HUMMER owners are a proud bunch. Every time they climb in for a drive, they think about their truck's military heritage and imagine themselves kicking some enemy you-know-what. Driving the H1, the closest kin to the venerable HMMWV, is an experience one will never forget. It's pure girth is awe-inspiring and makes passersby lock eyes with it, while moving away to let it through. When you drive an H1, you feel empowered and everyone around you knows it.
H2 owners also feel this power. While more of an image vehicle, and much more affordable, the H2 has earned its right to wear the HUMMER badge and its owners, too, are proud, as are the newest bunch of H3 folks, who drive the smallest of the clan.
With base prices ranging from $29,500 (H3) to $140,796 (H1 Alpha), HUMMERs cover a wide variety of budgets and personalities. But when it comes to rallying around the brand, they all come together - and they do it in South Bend, Indiana.
The 3rd HUMMER Homecoming took place June 19-23, 2006 near the birthplace of the HMMWV, H1 and H2 (the H3 is built in Louisiana). Put on by The HUMMER Club, Inc., the St. Joseph County 4-H Fairgrounds played host while hundreds of HUMMER owners traveled in from all over to celebrate their favorite vehicle, check out new products on display and learn more about HUMMERs!
One of the most popular activities of the get-together would absolutely be the plant tours. Buses took groups to both the HMMWV and the H2 plants where owners got a full-blown walk-through. The plants are on the same grounds but operate completely separate from each other.
On a given day, an average of 55 HMMWV's are built by a single shift of about 1200 workers and around 77 H2's are built next door by a 600 worker crew, also on a single shift. Both plants are owned and operated by AM General.
All workers are members of UAW Local 5, which is the oldest UAW Local still in existence. Local 5 used to operate the now-defunct Studebaker plant in its early days.
Another highlight of the event was the Ride & Drive, where owners could get behind the wheel of any model HUMMER. This was a great opportunity for attendees to drive what they don't own on the off-road course.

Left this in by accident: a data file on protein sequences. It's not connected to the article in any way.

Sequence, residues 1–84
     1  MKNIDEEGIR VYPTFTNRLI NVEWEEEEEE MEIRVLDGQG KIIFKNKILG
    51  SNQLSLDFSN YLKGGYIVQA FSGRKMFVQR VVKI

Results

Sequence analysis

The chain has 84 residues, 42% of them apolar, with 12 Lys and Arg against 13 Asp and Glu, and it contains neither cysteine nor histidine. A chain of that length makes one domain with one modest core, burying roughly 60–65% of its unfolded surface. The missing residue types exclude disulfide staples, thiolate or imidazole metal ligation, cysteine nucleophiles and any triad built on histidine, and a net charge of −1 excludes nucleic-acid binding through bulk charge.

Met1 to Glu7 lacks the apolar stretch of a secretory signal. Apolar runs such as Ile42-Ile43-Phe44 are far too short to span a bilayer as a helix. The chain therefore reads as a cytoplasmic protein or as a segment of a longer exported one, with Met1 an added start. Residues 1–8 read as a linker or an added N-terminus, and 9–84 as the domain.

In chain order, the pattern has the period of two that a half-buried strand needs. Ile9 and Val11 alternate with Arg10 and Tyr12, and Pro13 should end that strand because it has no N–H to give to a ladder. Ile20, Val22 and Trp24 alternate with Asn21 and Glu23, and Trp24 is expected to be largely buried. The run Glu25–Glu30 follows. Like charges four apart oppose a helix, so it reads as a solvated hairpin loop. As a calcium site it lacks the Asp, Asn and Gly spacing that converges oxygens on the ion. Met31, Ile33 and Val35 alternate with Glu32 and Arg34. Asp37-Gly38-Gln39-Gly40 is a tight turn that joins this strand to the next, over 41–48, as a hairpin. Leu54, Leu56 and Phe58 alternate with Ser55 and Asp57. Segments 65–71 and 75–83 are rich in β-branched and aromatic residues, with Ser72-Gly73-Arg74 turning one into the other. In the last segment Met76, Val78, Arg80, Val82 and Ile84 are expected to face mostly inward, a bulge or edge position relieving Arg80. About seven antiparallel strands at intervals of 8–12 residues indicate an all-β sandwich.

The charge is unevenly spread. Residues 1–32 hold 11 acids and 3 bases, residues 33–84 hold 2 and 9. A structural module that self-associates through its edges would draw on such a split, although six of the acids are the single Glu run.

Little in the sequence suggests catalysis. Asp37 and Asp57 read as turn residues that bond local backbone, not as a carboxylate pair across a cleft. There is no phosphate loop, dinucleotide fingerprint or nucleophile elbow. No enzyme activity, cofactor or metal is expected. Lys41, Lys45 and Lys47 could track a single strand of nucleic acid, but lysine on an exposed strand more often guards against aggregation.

At the fair grounds, a vendor show was held in one building, where you could buy just about anything with the name HUMMER on it you could imagine. Also on-hand were representatives from Tread Lightly! and other organizations.
Next door, HUMMER had their own displays, which included the new 2007 H2 SUT and H3x models, a Hyrdrogen-powered H2 concept, and desert racers. There were also folks from HUMMER on-hand to answer questions.
More in-depth questions got answered in the Tech Classes, where discussions included H1 fuel delivery systems, torque & traction, service and maintenance procedures and H2/H3 general maintenance and repair.
Classes were also given on navigation and geocaching and off-road basics, while the Red Cross was on-hand certifying attendees for First Aid, CPR and AED (Automated External Defibrillator). Owners could also get trail endorsements for HOPE (HUMMER Owners Prepared for Emergencies).
If all this wasn't enough, there was a Show & Shine, silent auction, Lee Greenwood Concert, Silver Lake dunes excursion, games, kids activities, mountain bike course and more. Can you say fun?
One of our favorite parts of the event, other than the plant tours would have to be the motorcade, where a reportedly 152 HUMMERs left the fairgrounds, drove through the area and returned for a barbeque. Check out all the photos below.
If you're a HUMMER owner, be sure to check out The HUMMER Club's website for details on next year's Homecoming. You won't want to miss it!